Treasury boss Steven Kennedy has warned the nation's leaders one in 10 Australian workers could be be absent at any given time during the peak of Omicron outbreak, and more if schools don't reopen.
Dr Kennedy addressed the national cabinet on Thursday as the prime minister, premiers and chief ministers grapple with the highly infectious strain of the coronavirus, which has seen tens of thousands of daily cases and a spike in deaths.
"That's going to have an inevitable impact on the workforce and that has to be managed," Prime Minister Scott Morrison told reporters in Canberra.
He said Dr Kennedy had told the meeting 10 per cent of the workforce could be absent because of COVID at any one time.
"If schools don't open, that can add an additional five per cent of the absenteeism in the workforce," Mr Morrison said.
"It is absolutely essential for schools to go back safely and remain safely open if we are not going to see any further exacerbation of the workforce challenges we are currently facing."
Economists expect the labour market likely eked out another fall in the unemployment rate in the final month of 2021, before the COVID-19 Omicron variant made its mark.
While there are signs that demand for workers is coming off the boil as Omicron disrupts business, there were still plenty of work up for grabs late last year.
Job numbers for December are due to be released by the Australian Bureau of Statistics next Thursday.
In November, a record 366,100 people entered or rejoined the workforce following the end of Delta variant lockdowns in NSW, Victoria and the ACT.
The unemployment rate fell sharply to 4.6 per cent, after spiking to 5.2 per cent in October.
"Data remains volatile on a monthly basis, reflecting the timing of lockdowns and the impact of virus outbreaks," Commonwealth Securities chief economist Craig James said.
"A more modest 30,000 lift in jobs is tipped for December with the jobless rate likely down from 4.6 per cent to 4.5 per cent."
The unemployment rate last hit 4.5 per cent - a 13-year low - in August last year, prior to the Delta restrictions which saw half the population in lockdown.
However, ANZ senior economist Catherine Birch believes that after an extraordinary post-restrictions rebound, the labour market will have to change gear yet again due to the spread of Omicron and its effects on consumer behaviour, worker availability and the broader economy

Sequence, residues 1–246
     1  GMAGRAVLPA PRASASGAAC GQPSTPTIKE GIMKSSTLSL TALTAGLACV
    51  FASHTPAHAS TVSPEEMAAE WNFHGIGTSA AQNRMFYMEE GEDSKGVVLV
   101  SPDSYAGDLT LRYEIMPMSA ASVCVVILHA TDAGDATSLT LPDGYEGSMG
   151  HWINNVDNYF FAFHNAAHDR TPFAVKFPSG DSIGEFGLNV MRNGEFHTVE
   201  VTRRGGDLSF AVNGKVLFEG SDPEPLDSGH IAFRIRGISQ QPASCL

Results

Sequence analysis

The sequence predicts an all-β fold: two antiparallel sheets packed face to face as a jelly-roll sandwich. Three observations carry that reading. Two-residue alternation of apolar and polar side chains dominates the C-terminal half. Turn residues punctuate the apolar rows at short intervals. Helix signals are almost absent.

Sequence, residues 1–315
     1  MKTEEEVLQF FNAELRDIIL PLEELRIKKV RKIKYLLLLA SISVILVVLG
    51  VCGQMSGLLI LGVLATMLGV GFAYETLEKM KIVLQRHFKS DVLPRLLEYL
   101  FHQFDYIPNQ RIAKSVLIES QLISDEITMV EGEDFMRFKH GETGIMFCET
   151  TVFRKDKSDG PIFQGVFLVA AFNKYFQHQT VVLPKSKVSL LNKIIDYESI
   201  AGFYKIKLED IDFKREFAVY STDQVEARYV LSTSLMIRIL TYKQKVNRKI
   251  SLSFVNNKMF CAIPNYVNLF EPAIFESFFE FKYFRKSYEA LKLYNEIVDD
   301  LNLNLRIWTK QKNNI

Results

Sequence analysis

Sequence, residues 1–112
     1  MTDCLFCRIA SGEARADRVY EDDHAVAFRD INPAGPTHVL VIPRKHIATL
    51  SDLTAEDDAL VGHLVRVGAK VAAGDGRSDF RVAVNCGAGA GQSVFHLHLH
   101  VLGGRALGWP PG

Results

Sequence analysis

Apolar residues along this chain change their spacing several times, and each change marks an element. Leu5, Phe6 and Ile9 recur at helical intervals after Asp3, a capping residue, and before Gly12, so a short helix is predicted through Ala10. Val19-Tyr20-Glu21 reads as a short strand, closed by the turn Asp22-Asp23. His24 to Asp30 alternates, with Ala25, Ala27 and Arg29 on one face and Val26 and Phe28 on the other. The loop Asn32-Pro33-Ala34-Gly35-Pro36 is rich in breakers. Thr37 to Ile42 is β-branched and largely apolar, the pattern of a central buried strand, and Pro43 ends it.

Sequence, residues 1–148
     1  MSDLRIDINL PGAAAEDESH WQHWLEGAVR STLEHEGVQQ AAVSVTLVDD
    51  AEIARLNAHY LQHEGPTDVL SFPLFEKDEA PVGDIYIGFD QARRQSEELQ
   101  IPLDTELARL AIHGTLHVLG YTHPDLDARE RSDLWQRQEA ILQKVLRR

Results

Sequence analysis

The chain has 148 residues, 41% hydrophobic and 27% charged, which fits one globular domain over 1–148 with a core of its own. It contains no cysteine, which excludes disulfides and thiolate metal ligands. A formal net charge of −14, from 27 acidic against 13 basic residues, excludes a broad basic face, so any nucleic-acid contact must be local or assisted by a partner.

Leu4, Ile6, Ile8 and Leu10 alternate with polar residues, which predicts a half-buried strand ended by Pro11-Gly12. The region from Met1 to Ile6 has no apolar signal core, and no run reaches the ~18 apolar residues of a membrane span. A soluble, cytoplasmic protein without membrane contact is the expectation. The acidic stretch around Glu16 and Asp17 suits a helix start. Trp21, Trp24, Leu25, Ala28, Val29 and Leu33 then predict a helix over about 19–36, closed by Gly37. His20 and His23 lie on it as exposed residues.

"The full effects of Omicron on the Australian labour market are not clear at this stage," Ms Birch said.
Some workers may be laid off if their employers have to reduce operations or shut down, she added, although some businesses expecting the situation to be temporary may choose to hold onto their workers.
Some firms may also have to hire additional people to cover workers temporarily absent due to contracting COVID-19 or being in isolation.
"As such, we think any fall in employment would be small and temporary," she said.
A sustained drop in the unemployment rate is a key component of the Reserve Bank of Australia's thinking about when it will consider lifting the key cash interest rate from a record low of 0.1 per cent.
In its most recent forecasts, the central bank predicted the unemployment rate to reach 4.25 per cent by the end of 2022, and four per cent by the end of 2023.
A stronger labour market, and a much-needed lift in wages growth to above three per cent, are seen as necessary to keep inflation sustainably between its two to three per cent target.
Australian consumer price index data for the December quarter are due on January 25.
Australian Associated Press